I talked about The Formula before. All you need for a good photo is the golden hour light, just after sunrise or just before sunset, and Velvia 50 slide film. It almost doesn’t matter what your subject is; the colors that the chemical engineers in Fuji laboratories cooked up are so bold, they’re their own subject.

The Formula has some limitations and challenges. Slide film traditionally has a rather low dynamic range, meaning that your dark shadows (which usually afflict your photos during golden hour) are going to be indistinguishably black if you’re not careful. Even if you are careful, there’s often not much you can do. Such was the challenge here.

Formula Solution

These are the Towers of the Virgin, a series of ragged peaks soaring hundreds of feet above the little alcove at the mouth of the Zion Canyon, right behind the Visitor Center and museum. They have good fortune that they face the east and that their view of the rising sun is largely unobstructed. The bad fortune is that this geographical position makes them an easy favorite for sunrise subjects of photographers of all skill levels.

I’ve been to Zion with Tyler and John two different times before, and we have never been around this area this early in the morning. Below, in black and white, is a shot from one of the previous visits, where we snapped a few quick shots of this same scene in the afternoon. We also did some moonlit shooting on another occasion. So, on this morning, we decided to take this cliche shot off our to-do list.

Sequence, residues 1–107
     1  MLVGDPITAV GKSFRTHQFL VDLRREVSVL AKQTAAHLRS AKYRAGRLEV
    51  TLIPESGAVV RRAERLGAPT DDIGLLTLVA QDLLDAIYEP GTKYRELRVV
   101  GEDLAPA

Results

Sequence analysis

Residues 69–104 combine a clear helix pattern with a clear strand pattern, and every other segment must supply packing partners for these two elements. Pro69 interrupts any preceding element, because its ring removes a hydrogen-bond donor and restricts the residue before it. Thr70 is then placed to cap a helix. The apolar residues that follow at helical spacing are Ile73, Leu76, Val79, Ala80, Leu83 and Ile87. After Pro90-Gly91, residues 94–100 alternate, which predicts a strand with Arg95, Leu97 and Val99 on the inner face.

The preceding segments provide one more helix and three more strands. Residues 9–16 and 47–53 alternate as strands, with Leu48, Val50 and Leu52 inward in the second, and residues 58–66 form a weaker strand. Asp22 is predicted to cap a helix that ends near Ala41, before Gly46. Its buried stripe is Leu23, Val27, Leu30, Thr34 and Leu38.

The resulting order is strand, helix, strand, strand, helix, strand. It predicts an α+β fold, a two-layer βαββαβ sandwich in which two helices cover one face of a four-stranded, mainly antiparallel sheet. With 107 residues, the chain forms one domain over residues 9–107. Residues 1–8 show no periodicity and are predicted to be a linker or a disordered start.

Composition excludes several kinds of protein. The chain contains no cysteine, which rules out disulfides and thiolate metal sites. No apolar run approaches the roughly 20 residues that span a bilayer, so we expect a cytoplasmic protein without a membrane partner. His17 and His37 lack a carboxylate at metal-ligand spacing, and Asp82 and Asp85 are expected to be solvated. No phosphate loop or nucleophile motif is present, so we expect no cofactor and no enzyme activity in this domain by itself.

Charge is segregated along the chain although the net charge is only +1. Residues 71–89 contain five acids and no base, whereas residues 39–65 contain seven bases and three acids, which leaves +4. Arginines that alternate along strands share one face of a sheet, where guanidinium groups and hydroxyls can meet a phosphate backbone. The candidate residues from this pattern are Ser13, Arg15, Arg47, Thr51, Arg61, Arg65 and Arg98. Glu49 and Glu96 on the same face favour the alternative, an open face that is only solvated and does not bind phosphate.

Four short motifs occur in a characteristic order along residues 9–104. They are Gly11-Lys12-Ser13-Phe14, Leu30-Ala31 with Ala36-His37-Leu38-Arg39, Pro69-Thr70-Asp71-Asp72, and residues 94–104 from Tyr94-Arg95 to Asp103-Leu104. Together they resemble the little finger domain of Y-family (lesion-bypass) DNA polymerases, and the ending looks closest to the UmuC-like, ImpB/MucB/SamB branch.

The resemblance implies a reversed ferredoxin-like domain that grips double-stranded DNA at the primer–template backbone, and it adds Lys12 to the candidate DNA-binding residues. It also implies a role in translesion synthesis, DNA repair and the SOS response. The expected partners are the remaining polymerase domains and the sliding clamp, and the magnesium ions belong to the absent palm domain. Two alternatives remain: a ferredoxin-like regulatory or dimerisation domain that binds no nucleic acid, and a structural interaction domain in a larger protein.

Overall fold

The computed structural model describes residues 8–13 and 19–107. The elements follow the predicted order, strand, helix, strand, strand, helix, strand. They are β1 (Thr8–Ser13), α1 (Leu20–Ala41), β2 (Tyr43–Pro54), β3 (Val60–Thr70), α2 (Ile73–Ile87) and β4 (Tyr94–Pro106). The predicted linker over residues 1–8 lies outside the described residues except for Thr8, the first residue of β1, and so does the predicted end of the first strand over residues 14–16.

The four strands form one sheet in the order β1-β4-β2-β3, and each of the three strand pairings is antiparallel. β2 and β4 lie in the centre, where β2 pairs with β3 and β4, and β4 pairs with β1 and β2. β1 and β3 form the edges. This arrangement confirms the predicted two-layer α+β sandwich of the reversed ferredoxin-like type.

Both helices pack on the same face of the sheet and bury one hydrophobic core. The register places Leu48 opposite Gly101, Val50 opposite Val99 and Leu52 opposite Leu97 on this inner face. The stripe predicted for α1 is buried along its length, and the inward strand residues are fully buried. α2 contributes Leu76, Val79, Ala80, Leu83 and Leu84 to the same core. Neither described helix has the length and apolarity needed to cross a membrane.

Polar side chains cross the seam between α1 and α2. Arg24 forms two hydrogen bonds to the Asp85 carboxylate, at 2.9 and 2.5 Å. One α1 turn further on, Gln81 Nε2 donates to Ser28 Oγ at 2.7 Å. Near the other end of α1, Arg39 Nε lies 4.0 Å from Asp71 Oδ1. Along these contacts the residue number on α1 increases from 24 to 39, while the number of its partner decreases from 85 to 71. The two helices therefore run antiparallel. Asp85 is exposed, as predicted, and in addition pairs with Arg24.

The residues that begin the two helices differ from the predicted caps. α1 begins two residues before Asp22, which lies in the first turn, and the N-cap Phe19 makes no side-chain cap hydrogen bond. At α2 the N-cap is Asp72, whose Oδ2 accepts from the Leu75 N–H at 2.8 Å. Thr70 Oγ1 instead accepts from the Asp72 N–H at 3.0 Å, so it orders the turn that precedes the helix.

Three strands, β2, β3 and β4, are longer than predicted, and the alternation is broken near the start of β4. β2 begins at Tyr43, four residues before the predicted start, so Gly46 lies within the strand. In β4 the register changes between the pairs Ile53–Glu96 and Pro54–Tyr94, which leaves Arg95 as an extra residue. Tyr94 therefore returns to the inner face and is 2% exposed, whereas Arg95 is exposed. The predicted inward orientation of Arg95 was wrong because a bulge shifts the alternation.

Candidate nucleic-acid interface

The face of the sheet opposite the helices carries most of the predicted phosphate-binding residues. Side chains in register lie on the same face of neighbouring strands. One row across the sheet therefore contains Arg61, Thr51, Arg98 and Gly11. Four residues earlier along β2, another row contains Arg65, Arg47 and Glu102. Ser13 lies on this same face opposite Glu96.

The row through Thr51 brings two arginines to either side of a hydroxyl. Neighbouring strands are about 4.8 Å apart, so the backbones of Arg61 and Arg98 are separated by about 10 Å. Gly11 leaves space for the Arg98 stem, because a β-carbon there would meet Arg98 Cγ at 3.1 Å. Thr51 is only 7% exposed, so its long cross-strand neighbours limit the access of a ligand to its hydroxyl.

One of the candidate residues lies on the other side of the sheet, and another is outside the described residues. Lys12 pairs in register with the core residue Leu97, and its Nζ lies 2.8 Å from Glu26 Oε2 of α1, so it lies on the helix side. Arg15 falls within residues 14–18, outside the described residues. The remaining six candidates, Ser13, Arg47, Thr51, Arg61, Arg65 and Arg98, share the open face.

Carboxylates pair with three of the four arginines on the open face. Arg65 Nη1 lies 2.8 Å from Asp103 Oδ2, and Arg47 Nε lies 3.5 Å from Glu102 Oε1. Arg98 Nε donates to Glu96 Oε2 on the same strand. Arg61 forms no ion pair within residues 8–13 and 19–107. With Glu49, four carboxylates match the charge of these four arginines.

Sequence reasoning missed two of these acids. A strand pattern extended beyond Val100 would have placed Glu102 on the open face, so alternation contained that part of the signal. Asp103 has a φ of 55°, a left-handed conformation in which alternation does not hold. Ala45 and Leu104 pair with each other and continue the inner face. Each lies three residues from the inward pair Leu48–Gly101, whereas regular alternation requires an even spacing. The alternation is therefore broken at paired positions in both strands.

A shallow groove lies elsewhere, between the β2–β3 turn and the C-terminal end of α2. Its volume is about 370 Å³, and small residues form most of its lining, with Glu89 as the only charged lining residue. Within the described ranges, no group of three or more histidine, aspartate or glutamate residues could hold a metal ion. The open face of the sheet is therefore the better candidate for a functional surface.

I had some trouble composing the photo above. My normal lens was a bit too long, and some of the peaks would be left out of the shot. The wide angle lens seemed like an obvious choice, but I was frustrated that my shot consisted of a large swath of blue on top, equally large swath of black at the bottom, with a little strip down the middle.

Afternoon, 2008

The solution was simple – cut off the top and the bottom, and embrace the panoramic quality of the subject. There was really no point in trying to bring out the uninteresting vegetation of the meadow in the foreground. The resulting format is a little wider than 2:1, but I think it fits the scene. That afternoon, many photographs later, I will visit a park gift shop and find a similar shot on a very wide souvenir magnet; it’s nice to see that I have the same thought process as the park’s merchandising department.

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